Monday, 13 May 2013

Charter Schools? Why not?

I have just listened to two TED talks - one by Geoffrey Canada and one by Bill Gates. Both these educators have set up charter schools in the States and both have had huge success. Geoffrey Canada talks about the school he went to himself that had a 48% failure rate and now so many years later still has a 48% failure rate. Bill Gates talks about feedback for teachers and that the only way to improve teaching is by making the feedback more sophisticated than just 'satisfactory' or 'not'. None of this is rocket science but the point I would like to make is that as a schooling system in New Zealand we are not catering for 1 in 5 of our students. The PISA results are very clear about that. If we carry on doing what we are doing, then for sure we will be having the same conversations in 5 years, 10 years and 20 years. Why not try charter schools ? They don't have to be "bad' schools - maybe we could see it as an opportunity to model some excellent and effective practice for our 1 in 5 students. Let's set up 'great' charter schools. There's enough high quality research in New Zealand to guide us. It could quite possibly be the best solution.

2 comments:

  1. Kia ora Barbara,
    I understand what you are saying about the current system obviously not working for 20% of students - and that we can't just do the same thing or we will continue to get the same result.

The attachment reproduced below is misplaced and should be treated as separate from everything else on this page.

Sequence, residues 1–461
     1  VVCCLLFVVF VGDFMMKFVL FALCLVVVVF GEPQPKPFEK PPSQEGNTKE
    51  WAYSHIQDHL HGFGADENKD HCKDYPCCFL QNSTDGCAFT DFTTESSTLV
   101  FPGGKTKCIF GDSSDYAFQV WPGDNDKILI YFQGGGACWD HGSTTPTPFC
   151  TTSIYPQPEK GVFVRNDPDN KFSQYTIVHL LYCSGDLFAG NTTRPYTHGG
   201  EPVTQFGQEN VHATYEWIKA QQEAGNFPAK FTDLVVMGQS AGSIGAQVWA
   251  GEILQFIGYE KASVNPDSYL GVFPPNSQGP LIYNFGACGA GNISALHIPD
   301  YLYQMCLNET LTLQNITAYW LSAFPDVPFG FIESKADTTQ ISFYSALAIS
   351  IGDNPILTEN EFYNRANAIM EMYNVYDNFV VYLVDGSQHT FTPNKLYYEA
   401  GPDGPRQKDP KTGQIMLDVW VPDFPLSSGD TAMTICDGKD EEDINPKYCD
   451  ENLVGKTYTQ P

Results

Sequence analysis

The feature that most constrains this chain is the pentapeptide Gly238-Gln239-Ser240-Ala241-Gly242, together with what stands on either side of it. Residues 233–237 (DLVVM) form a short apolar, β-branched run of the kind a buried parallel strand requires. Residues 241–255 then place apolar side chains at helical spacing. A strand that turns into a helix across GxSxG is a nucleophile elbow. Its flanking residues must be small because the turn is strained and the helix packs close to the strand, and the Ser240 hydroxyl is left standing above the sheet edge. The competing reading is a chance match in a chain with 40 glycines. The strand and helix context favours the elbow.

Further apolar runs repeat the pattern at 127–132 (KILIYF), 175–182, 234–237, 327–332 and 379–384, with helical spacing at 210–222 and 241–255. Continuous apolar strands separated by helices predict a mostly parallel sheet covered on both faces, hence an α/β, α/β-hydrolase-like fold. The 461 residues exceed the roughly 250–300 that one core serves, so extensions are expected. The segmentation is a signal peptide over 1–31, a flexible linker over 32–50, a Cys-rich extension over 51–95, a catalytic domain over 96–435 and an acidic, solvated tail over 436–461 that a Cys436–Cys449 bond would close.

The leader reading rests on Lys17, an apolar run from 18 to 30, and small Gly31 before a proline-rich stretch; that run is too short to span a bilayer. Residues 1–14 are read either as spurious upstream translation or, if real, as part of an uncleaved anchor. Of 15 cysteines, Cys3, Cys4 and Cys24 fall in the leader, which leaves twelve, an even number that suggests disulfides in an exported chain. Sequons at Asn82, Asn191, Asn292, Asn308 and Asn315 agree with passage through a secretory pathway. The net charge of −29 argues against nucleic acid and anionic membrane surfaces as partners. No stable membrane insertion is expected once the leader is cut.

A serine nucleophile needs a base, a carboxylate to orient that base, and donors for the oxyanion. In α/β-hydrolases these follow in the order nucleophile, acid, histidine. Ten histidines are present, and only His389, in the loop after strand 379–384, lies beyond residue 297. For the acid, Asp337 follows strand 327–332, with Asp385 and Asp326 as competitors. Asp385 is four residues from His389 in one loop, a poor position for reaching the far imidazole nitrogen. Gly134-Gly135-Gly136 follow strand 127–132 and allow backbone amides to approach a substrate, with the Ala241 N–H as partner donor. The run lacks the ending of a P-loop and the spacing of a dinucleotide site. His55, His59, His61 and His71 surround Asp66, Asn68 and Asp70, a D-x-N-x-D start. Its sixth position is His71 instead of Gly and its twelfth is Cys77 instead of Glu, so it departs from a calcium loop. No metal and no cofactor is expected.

However, there seem to me to be many potential risks/flaws in the logic that a charter school model is going to address this issue to any extent that would be useful nationally. There are too many issues to go into in a brief comment to your post but my main point is that addressing the needs of the 'tail' is a national problem and a few charter schools here or there is not going to make a difference in a system wide way. If the government believes aspects of the way they have set up charter schools are the answer then surely they should make these policies count for the state sector - where the vast majority of our students reside. As Russell Bishop did/said with Te Kotahitanga - if you want to make a system wide difference you need to go to where the students are - the mainstream state sector - and make the difference count within that system. Playing around with a few schools on the edges is unlikely to add much new useful information to what we already know about what works to make schools and students successful.

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  2. I guess my point is that yes we all do know exactly what works to make schools and students successful - my wondering is why on earth we don't DO what we know works. We have had 150 years to get it right and still no change. Actually I believe that there is still a mindset among teachers that some kids can learn and some kids can't (we certainly had that challenged in a very positive way in Te Kotahitanga ) -AND that culture counts. I am certainly not of the opinion that charter schools will solve the problem but my goodness how long do we have to wait for mainstream school to get it right ? Let's set up some great charter schools based on the amazing research that New Zealand has produced and get it right for the kids who have traditionally failed and who continue to fail. Maybe that will do something to shake up the mindsets.

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